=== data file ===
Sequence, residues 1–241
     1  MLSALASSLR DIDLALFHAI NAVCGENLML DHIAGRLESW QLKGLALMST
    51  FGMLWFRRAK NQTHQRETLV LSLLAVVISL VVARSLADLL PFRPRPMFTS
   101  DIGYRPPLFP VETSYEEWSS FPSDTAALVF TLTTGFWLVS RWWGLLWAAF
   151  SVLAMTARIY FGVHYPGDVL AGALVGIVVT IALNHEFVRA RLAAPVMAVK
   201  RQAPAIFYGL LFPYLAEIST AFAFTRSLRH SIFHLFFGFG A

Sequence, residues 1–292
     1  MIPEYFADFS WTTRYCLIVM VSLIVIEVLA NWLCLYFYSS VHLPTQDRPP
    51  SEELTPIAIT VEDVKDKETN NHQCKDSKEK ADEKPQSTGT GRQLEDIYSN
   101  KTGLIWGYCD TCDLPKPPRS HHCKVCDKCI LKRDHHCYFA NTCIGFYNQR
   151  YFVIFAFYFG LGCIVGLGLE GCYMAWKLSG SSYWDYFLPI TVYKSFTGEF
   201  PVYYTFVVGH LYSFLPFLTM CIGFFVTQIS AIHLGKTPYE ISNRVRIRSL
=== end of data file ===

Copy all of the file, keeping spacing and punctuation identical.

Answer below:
Sequence, residues 1–241
     1  MLSALASSLR DIDLALFHAI NAVCGENLML DHIAGRLESW QLKGLALMST
    51  FGMLWFRRAK NQTHQRETLV LSLLAVVISL VVARSLADLL PFRPRPMFTS
   101  DIGYRPPLFP VETSYEEWSS FPSDTAALVF TLTTGFWLVS RWWGLLWAAF
   151  SVLAMTARIY FGVHYPGDVL AGALVGIVVT IALNHEFVRA RLAAPVMAVK
   201  RQAPAIFYGL LFPYLAEIST AFAFTRSLRH SIFHLFFGFG A

Sequence, residues 1–292
     1  MIPEYFADFS WTTRYCLIVM VSLIVIEVLA NWLCLYFYSS VHLPTQDRPP
    51  SEELTPIAIT VEDVKDKETN NHQCKDSKEK ADEKPQSTGT GRQLEDIYSN
   101  KTGLIWGYCD TCDLPKPPRS HHCKVCDKCI LKRDHHCYFA NTCIGFYNQR
   151  YFVIFAFYFG LGCIVGLGLE GCYMAWKLSG SSYWDYFLPI TVYKSFTGEF
   201  PVYYTFVVGH LYSFLPFLTM CIGFFVTQIS AIHLGKTPYE ISNRVRIRSL